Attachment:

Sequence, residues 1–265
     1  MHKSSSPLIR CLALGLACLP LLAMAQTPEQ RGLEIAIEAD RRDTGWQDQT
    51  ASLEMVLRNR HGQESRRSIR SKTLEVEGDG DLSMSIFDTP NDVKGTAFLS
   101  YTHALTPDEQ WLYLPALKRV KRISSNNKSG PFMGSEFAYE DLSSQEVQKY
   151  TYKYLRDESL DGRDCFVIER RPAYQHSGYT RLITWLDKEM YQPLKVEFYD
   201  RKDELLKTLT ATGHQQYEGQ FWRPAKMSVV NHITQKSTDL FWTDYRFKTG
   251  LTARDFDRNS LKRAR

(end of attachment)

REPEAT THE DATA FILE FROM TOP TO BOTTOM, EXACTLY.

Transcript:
Sequence, residues 1–265
     1  MHKSSSPLIR CLALGLACLP LLAMAQTPEQ RGLEIAIEAD RRDTGWQDQT
    51  ASLEMVLRNR HGQESRRSIR SKTLEVEGDG DLSMSIFDTP NDVKGTAFLS
   101  YTHALTPDEQ WLYLPALKRV KRISSNNKSG PFMGSEFAYE DLSSQEVQKY
   151  TYKYLRDESL DGRDCFVIER RPAYQHSGYT RLITWLDKEM YQPLKVEFYD
   201  RKDELLKTLT ATGHQQYEGQ FWRPAKMSVV NHITQKSTDL FWTDYRFKTG
   251  LTARDFDRNS LKRAR